If a Dustman violates the Dead Truce, what happens next?

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elderbrain
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If a Dustman violates the Dead Truce, what happens next?

I know that if a Dustman attacks an Undead creature or creatures, those creatures are free to attack in return. But what about after that particular encounter is over... will other Undead the Dustman meets know of the violation and attack, or does is the violation of the Truce considered over with the end of one such encounter? That is, does the Dustman have to do anything special to get "covered" under the Truce again? If a Dustman attacks Undead in one room of a dungeon/catacomb, does that end the Truce for only the Undead in that specific room, or the entire dungeon?

KnightOfDecay
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I don't think that any of the

I don't think that any of the official sources cover the specific duration of the consequences of a violation of the Dead Truce. As there are so many different ways how faction abilities might be incorporated into the game (standard abilities, feats, bloodlines, faction points...), the best solution is probably, that the DM should react "appropriately".
As fights are an integral part of D&D it shouldn't be impossible for Dustmen to fight undead, but as such an act is is rather contradictory to the belief of the Dustmen faction, there should be at least some minor consequences.
For the example you mentioned, that might mean, that the dustman looses the benefits of the Dead Truce for the next 24 hours.
In a game where the faction abilities depend on a score of "faction points", it might mean that he looses one or more factions points which, at some point in the future, might result in the permanent loss of his faction ablities, if he breaks the Dead Truce too often.
Creative solutions to avoid the PCs dilemma should definitely be awarded: "Well I only casted some protective spells on my friends and healed some of them. I never actually hit any of the undead. Thus I haven't actually 'fought' them, right?"

sciborg2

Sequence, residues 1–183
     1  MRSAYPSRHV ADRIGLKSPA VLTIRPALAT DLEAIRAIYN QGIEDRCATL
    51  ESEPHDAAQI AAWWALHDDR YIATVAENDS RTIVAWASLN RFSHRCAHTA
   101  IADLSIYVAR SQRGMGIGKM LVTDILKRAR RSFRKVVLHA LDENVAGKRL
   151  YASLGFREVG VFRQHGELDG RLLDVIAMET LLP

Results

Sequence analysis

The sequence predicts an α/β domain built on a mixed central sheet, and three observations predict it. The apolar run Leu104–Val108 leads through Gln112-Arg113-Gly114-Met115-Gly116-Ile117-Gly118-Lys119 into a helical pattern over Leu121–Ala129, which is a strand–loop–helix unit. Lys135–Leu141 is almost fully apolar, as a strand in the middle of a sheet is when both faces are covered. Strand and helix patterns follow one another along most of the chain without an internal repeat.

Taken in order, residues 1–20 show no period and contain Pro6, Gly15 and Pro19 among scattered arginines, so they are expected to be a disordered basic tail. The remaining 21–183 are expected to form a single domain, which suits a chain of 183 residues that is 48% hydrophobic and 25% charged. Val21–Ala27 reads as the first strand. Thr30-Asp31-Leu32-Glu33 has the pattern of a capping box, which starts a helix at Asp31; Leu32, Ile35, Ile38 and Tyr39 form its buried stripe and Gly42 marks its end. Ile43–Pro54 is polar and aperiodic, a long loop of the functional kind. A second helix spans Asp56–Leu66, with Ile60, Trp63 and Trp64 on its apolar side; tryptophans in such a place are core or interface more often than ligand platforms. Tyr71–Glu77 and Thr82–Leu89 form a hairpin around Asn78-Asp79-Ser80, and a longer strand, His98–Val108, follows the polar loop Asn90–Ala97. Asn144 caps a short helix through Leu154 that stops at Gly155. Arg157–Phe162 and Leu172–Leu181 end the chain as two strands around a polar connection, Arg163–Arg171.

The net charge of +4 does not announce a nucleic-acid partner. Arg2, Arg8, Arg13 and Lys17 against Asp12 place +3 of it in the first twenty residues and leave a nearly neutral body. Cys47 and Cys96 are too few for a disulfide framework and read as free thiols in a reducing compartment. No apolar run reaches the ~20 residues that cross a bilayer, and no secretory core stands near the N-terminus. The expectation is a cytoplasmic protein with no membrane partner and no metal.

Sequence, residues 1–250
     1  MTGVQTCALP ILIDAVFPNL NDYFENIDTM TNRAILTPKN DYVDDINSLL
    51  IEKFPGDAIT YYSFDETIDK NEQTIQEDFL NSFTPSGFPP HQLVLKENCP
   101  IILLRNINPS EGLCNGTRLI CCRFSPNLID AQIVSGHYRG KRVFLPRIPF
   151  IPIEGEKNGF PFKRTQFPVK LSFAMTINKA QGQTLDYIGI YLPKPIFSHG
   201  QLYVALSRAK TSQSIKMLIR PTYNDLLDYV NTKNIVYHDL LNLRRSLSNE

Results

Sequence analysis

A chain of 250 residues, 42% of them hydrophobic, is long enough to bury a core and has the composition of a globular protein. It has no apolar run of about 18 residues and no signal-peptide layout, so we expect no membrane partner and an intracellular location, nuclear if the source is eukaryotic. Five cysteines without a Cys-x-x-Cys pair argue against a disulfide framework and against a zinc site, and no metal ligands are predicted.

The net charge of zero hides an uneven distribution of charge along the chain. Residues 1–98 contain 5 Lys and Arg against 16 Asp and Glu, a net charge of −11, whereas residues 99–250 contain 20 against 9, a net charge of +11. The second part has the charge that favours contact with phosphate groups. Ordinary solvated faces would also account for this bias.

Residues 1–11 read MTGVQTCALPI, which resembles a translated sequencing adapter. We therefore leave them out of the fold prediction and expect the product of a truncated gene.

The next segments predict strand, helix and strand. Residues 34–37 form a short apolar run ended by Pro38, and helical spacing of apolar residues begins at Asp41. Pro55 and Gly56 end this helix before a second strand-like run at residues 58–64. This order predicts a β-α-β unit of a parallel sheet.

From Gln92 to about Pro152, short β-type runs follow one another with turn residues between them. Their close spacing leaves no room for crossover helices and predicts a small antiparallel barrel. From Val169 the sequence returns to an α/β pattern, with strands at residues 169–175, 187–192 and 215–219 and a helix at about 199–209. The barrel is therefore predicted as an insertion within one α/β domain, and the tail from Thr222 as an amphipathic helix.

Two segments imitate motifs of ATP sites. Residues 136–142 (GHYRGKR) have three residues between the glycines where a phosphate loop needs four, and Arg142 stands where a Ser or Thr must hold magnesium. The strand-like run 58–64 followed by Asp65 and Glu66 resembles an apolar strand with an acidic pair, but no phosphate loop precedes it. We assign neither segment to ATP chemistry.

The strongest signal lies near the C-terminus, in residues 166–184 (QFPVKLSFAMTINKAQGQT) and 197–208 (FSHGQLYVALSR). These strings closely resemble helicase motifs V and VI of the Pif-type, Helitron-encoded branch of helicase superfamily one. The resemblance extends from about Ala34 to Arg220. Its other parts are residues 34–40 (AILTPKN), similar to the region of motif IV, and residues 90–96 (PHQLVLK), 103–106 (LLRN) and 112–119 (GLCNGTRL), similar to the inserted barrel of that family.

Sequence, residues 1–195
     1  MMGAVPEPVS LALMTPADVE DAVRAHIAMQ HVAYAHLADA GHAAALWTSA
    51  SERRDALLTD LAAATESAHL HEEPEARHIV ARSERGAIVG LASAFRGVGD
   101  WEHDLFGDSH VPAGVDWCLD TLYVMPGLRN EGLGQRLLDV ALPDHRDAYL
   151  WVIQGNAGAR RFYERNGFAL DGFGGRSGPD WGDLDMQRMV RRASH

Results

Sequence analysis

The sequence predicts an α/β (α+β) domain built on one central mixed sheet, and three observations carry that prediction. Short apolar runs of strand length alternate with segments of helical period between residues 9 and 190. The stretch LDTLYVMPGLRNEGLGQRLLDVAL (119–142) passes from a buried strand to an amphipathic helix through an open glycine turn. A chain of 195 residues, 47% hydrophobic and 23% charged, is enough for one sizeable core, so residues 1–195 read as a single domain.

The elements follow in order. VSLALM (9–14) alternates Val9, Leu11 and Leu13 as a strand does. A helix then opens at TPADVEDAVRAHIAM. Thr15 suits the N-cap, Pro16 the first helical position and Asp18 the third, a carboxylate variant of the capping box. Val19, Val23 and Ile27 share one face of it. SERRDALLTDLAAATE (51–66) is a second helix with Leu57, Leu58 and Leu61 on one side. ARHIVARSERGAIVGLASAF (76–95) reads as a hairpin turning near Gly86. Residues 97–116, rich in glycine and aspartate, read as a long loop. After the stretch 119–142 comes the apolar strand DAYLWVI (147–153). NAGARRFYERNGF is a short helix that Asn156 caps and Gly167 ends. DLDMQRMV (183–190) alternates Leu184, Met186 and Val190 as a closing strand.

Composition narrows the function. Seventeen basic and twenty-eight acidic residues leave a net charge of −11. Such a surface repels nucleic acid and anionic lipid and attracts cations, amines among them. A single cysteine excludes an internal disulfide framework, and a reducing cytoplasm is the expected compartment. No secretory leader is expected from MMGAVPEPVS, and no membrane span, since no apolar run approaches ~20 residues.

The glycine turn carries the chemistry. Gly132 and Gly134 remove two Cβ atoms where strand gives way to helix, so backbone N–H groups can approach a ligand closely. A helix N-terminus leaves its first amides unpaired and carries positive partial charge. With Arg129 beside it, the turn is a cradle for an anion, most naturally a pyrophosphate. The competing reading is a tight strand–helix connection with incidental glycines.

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I'd call a Tribunal with

I'd call a Tribunal with Skall projecting himself into the Courtroom for people who are relatively high up in the faction.

Though you could just have an underling make the same projection for noobs, no one has to know...

Jem
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Here are two options that

Here are two options that make some sense to me.

1.) If the Dead Truce holds because the Dustman believes in the principles of his faction, and attacking an undead violates those principles, then presumably for some reason or another the Dustman has been shaken in his beliefs. The Dead Truce will no longer hold for him until he goes through some process of reconciling with those beliefs -- anything from a single scene in which he comes to terms with his "error" or a fullblown atonement adventure.

2.) The Dead Truce holds the same way a truce between living beings holds. If the Dustman attacks an undead creature, any undead allied with that creature will no longer consider themselves bound by the Truce either. For mindless undead, this will apply solely to those undead that were operating under the same compulsion, such as guarding the same site or treasure. For conscious undead, this will apply insofar as the undead in question consider themselves somehow on the same "team" as the undead attacked (the same undead army with a clear chain of command, or the same vampire bloodline with accepted honor rules), just as attacking a person of one country doesn't violate a truce with someone of another country. Few undead, I think, would be so expansively minded as to take umbrage at an earlier assault on one of their kind simply on general principles.